Yoga Positions For Chronic Pain FOLLOW THE MONEY!

Companies that manufacture medications and medical devices have long sought to develop financial relationships with doctors, especially “thought leaders” whom other doctors look to when deciding how to treat patients. To foster these relationships, they offer physicians fees for speaking to other doctors and for conducting research. In these ways, some physicians make tens or even hundreds of thousands of dollars a year, above and beyond what they make practicing medicine.

Up until recently, this flow of money has been impossible to track. But the Affordable Care Act (Obama Care) requires these companies to publicly disclose any and all payments made to doctors of $10 or more. For the first time ever, this information is being collected and put into a national database. It currently shows that during the last five months of 2013, doctors and teaching hospitals in the United States received $3.5 billion from pharmaceutical and medical device companies. This money was spread among nearly 550,000 physicians and more than 1,300 teaching hospitals.

Of course, the fact that a company has paid money to a doctor doesn’t necessarily mean that something is amiss. It takes a lot of money to conduct research and keep doctors up to date with the latest knowledge in medicine. So the companies that fund this are doing the nation a service. But when so much money is given to so many doctors, you have to wonder how much and in which ways it is affecting the way that they practice.

Yoga Positions For Chronic Pain FOLLOW THE MONEY! Photo Gallery

The sad truth is that the treatment of pain is often driven by money: If you want to understand why certain things are the way they are, just follow the money. Ask yourself who is profiting and you’ll often understand why things are done the way they are. In many cases, the system works well and people suffering from a variety of illnesses and other problems are healed. But the way money flows through the healthcare system doesn’t necessarily produce the best pain treatment or support evidence-based treatments like comprehensive, mind-body programs for chronic pain. Instead, the economics support the use of medicines, short-term “solutions,” quick follow-ups, sending patients to specialists, and an overdependence on procedures and surgeries that have not been proven effective in the long run. But when a disease becomes a $600 billion industry with lots of special interests profiting off of other peoples’ pain, change can be hard to come by. I am sorry to tell you that in our current system there is no financial incentive to get people well.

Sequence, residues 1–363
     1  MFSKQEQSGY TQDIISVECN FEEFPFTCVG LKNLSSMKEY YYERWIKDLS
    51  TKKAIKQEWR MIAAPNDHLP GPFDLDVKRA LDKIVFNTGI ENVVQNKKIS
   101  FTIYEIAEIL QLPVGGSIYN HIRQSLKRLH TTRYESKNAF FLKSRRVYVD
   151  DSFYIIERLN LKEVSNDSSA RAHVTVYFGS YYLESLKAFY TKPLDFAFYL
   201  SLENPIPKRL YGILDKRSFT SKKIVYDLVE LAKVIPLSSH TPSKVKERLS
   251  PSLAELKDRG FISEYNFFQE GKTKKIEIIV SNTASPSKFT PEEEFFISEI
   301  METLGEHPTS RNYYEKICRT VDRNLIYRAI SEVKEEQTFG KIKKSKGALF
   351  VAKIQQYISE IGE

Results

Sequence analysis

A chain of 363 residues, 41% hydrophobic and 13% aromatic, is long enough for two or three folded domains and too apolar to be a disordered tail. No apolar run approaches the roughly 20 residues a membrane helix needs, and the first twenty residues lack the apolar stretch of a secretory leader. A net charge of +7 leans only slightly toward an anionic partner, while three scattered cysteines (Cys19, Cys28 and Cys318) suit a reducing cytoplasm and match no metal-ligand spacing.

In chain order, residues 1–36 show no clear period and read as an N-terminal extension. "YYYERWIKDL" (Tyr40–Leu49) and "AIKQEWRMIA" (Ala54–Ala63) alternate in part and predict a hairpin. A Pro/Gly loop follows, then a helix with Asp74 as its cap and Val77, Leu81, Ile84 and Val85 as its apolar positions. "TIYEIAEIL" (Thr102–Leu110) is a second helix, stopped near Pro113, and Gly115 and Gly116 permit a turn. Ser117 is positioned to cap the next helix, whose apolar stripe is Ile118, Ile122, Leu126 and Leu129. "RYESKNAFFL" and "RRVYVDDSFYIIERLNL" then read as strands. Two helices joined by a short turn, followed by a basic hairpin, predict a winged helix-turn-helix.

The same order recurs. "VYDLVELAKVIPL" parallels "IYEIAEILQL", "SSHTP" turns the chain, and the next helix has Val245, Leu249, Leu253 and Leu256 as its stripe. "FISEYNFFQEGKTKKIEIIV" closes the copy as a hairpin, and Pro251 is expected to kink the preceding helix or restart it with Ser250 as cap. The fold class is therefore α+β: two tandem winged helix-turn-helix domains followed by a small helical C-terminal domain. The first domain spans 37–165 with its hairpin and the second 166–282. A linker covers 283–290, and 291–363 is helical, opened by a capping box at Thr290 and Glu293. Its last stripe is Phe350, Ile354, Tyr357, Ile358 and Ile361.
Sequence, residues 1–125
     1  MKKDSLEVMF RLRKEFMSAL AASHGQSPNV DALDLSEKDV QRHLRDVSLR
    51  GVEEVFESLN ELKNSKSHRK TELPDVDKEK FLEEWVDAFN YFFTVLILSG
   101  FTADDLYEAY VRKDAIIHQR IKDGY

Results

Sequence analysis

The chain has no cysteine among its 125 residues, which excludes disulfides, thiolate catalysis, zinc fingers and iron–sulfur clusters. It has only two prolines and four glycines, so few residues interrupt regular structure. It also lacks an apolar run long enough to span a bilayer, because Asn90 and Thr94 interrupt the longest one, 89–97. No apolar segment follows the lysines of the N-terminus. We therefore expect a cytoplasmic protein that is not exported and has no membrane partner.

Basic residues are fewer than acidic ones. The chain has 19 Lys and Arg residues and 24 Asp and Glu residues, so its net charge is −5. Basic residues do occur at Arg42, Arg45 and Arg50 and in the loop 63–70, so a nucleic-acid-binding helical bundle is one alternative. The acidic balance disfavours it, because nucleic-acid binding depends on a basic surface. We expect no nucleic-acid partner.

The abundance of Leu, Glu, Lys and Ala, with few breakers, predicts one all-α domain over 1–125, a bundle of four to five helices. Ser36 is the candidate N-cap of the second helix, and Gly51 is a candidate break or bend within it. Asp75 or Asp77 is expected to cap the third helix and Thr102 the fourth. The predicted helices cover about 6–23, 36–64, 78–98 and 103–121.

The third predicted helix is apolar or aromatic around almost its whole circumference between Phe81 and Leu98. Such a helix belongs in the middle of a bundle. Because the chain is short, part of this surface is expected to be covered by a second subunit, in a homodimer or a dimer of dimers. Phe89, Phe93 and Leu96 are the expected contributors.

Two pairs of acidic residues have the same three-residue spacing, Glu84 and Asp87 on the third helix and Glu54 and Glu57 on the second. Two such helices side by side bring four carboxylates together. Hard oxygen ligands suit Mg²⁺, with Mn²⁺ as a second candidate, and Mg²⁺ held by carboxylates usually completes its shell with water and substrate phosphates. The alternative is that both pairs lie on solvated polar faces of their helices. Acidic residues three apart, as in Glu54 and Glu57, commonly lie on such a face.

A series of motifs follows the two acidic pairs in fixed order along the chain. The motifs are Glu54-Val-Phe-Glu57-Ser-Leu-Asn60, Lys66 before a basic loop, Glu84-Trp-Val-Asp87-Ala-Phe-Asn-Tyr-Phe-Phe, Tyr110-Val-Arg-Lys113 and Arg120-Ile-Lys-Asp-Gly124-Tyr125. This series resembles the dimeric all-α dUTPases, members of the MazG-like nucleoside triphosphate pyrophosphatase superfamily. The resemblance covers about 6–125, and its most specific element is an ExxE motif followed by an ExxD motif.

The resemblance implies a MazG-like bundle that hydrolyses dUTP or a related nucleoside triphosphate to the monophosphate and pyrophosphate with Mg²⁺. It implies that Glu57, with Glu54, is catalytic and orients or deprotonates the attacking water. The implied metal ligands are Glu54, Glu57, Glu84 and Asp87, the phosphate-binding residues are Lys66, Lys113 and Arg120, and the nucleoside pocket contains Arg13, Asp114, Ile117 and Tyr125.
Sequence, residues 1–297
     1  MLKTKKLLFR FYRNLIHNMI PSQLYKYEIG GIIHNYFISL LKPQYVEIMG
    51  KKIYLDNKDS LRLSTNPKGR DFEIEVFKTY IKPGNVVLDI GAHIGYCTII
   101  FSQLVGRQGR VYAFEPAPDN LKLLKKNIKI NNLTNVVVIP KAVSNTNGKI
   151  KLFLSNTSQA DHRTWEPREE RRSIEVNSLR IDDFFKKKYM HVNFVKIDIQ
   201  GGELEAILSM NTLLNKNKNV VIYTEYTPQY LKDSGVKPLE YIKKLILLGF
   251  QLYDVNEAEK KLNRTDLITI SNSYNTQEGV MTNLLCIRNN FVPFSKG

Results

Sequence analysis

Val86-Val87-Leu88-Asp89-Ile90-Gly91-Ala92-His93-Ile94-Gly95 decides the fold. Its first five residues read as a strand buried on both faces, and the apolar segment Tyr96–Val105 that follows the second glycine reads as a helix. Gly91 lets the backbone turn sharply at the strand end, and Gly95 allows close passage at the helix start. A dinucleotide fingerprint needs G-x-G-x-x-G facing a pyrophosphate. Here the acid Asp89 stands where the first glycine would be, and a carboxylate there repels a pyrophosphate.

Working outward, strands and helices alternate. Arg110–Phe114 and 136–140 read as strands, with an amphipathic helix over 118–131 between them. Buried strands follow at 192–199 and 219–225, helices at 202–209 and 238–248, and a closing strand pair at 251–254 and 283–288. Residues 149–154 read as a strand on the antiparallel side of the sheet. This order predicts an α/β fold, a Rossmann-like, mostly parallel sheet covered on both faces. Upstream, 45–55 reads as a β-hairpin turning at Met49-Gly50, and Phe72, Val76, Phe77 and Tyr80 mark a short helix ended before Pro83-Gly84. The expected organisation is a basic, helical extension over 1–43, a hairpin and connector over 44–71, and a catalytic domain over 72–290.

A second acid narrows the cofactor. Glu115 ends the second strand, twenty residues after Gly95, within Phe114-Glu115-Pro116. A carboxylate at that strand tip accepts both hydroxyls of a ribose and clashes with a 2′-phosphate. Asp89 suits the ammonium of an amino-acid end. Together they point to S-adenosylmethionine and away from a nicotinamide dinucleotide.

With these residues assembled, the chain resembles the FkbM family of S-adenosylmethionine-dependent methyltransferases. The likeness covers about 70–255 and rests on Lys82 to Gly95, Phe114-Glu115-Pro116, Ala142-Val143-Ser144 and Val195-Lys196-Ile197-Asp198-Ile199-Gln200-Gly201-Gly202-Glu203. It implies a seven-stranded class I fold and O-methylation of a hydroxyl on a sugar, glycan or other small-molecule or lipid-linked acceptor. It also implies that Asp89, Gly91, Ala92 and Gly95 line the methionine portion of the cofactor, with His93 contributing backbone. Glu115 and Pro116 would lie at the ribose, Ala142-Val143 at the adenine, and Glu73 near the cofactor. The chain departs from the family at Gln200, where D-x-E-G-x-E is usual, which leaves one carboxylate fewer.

Doctors are under pressure to make enough money to support their practices and please their patients, who can post poor reviews online and possibly cost them their jobs. They’re also pressured by pharmaceutical companies and spinal fusion hardware manufacturers, and by insurance companies who don’t want to pay for other kinds of treatment. But now the pendulum is swinging the other way, with doctors under increasing pressure to be more cautious about prescribing painkillers. Concerned about addiction and overdose deaths due to the over-prescription of painkillers, the government is trying to get doctors to more closely regulate the medications they prescribe. Unfortunately, there is no national policy or consensus guiding this action.

This pressure toward tighter regulation of medications has changed the nature of the doctor-patient relationship for the worse, as doctors have been directed to perform urine drug testing and enforce tougher prescription policies. It makes the doctor’s role more authoritarian, and less about empathy and compassion. I know that I chose my specialty in order to transform my patients’ lives, not police them Yet the government wants tighter monitoring, without insisting on or even encouraging the creation of comprehensive programs that provide better options for people in pain.

You probably won’t learn about better options for relieving chronic pain by talking to your doctor or visiting a pain specialist, for all the reasons I’ve discussed in this chapter. But the techniques and solutions I lay out in this book really do work. You can conquer your chronic pain and get well.

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